I decided to start with 250 mg/ 5 pumps per day, eliminating the oral Rx. If I understand the "Coming Off HRT" page, I should hold steady with the estrogen dosage until I’ve been on the cream for about a month. At that time, should I continue to cut more from the patch …would you say every few weeks? My thinking is by reducing the patch sooner than later, I would aid the progesterone in becoming the dominant hormone; less estrogen to overcome. Until then, won’t progesterone continue to stimulate this higher level of estrogen with adverse affects?

I have read posts regarding increased weight gain in abdomen, hips, butt, and breasts using high doses of vitamin D. I made this connection also, but Dr. convinced me otherwise. She insisted progesterone was to blame for my food cravings and weight gain. From reading here, it seems more likely low progesterone may be stimulating estrogen. Possibly vitamin D could also play a role.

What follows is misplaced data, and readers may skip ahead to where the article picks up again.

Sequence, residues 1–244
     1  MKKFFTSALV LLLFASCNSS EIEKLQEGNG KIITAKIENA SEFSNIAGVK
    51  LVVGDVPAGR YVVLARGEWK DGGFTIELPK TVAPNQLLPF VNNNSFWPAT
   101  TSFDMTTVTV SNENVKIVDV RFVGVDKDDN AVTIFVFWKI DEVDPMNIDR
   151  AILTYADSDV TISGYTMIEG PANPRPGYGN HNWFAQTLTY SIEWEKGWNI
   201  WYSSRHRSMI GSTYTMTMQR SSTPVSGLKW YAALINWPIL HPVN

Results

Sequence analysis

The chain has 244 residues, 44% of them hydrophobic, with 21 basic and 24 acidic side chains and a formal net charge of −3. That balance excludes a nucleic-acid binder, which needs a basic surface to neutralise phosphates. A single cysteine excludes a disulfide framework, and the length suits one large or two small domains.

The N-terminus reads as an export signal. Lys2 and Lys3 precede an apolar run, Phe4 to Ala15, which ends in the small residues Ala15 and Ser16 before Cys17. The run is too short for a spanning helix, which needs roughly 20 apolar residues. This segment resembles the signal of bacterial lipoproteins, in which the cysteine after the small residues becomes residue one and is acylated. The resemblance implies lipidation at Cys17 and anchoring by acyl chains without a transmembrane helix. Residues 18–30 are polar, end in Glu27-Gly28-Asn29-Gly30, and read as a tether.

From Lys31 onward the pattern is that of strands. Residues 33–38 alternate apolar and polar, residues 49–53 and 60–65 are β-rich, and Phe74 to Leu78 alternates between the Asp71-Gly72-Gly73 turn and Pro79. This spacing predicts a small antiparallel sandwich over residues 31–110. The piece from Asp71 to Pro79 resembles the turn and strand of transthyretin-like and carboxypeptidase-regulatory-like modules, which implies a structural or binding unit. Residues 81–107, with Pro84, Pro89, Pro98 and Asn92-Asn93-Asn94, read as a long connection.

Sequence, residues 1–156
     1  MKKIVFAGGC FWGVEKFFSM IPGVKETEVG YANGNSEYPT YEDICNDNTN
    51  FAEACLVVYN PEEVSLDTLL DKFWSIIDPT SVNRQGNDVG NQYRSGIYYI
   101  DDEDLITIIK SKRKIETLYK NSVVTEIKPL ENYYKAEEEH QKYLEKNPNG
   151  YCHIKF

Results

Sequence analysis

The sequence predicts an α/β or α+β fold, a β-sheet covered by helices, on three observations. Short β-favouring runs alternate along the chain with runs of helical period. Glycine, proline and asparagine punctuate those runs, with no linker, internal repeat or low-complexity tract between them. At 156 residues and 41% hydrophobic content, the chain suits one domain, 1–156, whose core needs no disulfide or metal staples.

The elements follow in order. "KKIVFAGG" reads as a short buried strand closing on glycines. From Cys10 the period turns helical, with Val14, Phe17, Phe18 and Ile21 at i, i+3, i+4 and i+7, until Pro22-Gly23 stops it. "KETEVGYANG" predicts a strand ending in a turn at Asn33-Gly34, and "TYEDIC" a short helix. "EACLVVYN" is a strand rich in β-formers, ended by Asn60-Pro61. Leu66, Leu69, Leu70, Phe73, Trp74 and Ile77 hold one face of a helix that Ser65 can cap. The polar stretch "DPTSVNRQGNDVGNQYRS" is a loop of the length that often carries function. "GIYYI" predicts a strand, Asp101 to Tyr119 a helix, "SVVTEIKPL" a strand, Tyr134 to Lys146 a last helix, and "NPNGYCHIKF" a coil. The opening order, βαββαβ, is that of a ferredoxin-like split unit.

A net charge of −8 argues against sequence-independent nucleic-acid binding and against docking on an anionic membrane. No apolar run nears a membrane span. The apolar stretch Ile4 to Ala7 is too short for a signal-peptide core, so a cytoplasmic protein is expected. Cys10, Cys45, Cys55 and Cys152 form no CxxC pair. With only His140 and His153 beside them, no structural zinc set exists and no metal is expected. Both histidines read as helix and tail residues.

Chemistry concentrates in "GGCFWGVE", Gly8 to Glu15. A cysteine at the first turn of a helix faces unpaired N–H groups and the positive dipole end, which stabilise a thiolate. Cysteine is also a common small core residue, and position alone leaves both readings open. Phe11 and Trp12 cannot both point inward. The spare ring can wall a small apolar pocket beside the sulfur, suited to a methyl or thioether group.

Mar 01, 2022
by: Joy

​Hi Ginger

It is always a good idea to use Natpro for a while before one starts to reduce HRT. I agree with cutting back on the patch too. Reduce as you see fit. The sooner you are off it the better. Please be aware of some Estrogen Dominance symptoms that you may experience while you are doing this. Progesterone will stimulate things which is why you may experience ED symptoms. As soon as progesterone becomes dominant, things will start to settle down.​ If too little progesterone is used, it will cause weight again as already explained. ​